r Manage your protein - Protein is an important part of every child’s nutrition, but like anything else, protein can be overdone. Think small when it comes to meat portions; vary your proteins – lean meat, poultry, seafood, eggs, beans, nuts, soy; and try grilling, broiling, roasting or baking but not so much breading or frying.

r Watch the sodium - Processed foods, especially cheesy foods; deli and luncheon meats; cured meats like bacon and sausage; and ready-to-eat foods like canned soups and chili, are loaded with sodium – too much sodium for good health. Also, avoid the packaged lunches that are aggressively marketed to kids today and single serving packages of chips. Though popular for kids’ sack lunches, they are sky high in sodium and terribly unhealthy.

r Find healthy treats - Most parents give their kids treats now and then. This is okay, provided the treats don’t become a part of each day’s eating pattern. At last check, the USDA still has only five major food groups and treats are not one of them. And when kids do get a treat, make it a small portion. If you have two kids, cut whatever they are having in half. Better yet, create healthy smoothies, frozen fruit, dippers or homemade trail mix. That way they get something that is both sweet and healthy.

r Shopping tips - When you take the kids shopping, don’t take them down the aisles with processed food. This will avoid a good many battles. Kids are attracted to color, which is why processed food marketers make their packaging so colorful. Have fun in the produce section, instead, by having your kids pick out colorful fruits and vegetables.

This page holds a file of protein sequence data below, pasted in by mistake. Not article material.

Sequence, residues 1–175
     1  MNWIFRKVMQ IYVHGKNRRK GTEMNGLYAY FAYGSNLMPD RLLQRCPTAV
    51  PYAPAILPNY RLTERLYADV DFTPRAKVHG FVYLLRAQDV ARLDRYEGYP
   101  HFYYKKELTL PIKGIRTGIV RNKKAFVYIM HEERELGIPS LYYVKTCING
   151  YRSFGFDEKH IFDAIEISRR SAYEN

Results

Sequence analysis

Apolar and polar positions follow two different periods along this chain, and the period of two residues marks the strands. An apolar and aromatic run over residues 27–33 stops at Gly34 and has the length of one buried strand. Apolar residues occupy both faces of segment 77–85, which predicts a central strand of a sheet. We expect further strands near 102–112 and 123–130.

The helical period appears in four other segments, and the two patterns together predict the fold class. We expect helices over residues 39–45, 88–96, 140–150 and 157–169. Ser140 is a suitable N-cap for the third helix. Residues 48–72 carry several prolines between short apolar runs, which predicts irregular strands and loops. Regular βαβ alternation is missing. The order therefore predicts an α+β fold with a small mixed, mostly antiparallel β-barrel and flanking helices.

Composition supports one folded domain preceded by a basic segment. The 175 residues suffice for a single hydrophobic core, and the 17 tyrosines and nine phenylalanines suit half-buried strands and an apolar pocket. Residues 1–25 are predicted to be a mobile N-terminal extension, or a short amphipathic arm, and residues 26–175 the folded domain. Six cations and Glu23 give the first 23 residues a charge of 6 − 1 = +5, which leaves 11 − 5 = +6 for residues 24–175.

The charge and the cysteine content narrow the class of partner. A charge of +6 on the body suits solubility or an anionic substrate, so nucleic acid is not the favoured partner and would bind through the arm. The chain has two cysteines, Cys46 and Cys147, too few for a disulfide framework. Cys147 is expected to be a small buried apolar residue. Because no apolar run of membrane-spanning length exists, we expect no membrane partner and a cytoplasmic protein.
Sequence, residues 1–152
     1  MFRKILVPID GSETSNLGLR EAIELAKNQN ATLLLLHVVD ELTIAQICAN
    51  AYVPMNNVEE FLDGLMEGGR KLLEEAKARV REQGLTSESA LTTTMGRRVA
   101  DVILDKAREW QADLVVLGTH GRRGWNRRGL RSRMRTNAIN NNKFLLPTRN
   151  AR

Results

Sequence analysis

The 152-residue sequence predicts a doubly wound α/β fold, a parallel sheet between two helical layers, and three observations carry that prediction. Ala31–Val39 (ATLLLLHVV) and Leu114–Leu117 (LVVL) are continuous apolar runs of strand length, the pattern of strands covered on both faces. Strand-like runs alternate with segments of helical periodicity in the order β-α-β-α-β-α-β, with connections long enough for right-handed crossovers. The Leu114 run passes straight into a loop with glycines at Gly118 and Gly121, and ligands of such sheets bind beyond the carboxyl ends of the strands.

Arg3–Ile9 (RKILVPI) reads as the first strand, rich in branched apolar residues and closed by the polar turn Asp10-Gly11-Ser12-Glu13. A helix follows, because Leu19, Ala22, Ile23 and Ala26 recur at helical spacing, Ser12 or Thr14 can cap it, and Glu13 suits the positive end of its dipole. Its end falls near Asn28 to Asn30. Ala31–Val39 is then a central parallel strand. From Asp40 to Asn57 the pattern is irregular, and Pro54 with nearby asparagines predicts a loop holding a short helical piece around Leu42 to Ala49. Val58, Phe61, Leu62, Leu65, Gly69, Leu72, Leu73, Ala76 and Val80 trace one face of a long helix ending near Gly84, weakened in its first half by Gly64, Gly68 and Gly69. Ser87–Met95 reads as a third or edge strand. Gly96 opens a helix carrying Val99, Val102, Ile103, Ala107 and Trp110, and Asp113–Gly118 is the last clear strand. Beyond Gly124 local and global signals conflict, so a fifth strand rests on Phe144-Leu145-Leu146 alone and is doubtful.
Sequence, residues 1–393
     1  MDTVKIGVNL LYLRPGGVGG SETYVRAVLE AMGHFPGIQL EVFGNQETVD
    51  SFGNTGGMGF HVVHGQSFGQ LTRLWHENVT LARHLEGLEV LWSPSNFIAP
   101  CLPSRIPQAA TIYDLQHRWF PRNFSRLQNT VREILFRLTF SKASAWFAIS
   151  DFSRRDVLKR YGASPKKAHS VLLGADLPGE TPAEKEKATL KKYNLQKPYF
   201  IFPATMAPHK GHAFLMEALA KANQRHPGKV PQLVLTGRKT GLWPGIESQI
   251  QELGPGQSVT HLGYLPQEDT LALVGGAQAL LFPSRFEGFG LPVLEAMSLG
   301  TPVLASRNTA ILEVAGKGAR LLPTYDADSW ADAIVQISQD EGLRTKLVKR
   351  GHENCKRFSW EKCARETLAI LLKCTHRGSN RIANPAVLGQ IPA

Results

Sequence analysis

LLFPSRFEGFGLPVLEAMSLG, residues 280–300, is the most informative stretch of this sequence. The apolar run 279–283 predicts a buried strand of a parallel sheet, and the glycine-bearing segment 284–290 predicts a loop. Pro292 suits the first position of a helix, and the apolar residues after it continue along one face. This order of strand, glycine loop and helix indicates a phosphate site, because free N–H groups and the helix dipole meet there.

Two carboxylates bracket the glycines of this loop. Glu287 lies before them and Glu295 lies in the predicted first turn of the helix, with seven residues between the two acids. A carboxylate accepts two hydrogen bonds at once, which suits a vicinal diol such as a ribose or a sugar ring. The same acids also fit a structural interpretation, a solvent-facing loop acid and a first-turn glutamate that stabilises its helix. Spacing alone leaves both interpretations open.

r Limit sports drinks - For athletes who train hard for more than 60 minutes, sports drinks may have some nutritional value. For everyone else, and that includes most every child, they offer little more than extra calories, sugar and sodium to our diets. Sports drinks are a huge profit-driven industry that has targeted our children but offers little or nothing to their overall health. Kids, when running, or for that matter doing any sport, should drink water before, during and after each practice. 

r Just eat healthy - Teaching kids to eat healthy is good, but it does not have to be pounded into them. Just prepare good tasting meals that include all the basic food groups, stay away from most processed foods and foods high in calories and sodium, and let that be enough.

r Put a limit on favorite foods - Don’t stop kids from eating their favorite foods, but eat them less often and in small portions. A hot dog at a picnic or a Popsicle™ or cookie while walking through the mall will not destroy all your efforts to have them eat healthy. Just limit it.

r Cut excess sugar - Sarah Weir, in an Internet article titled New Report Slams Kid's Cereals, writes that a recent study by the Environmental Working Group shows that only one out of four breakfast cereals met the federal government's proposed guidelines for food that is nutritious enough to be marketed to children. The report claims that some cereals contain a whopping five teaspoons of sugar per serving. This is nearly two times more sugar than most children should consume in an entire day! For breakfast, cut the sugar cereals and add some protein.

Again, for the CENTER FOR CHILDREN’S RUNNING the focus is on providing common sense advice that will help parents and their children to eat healthy. For more detailed nutritional information, go to the website.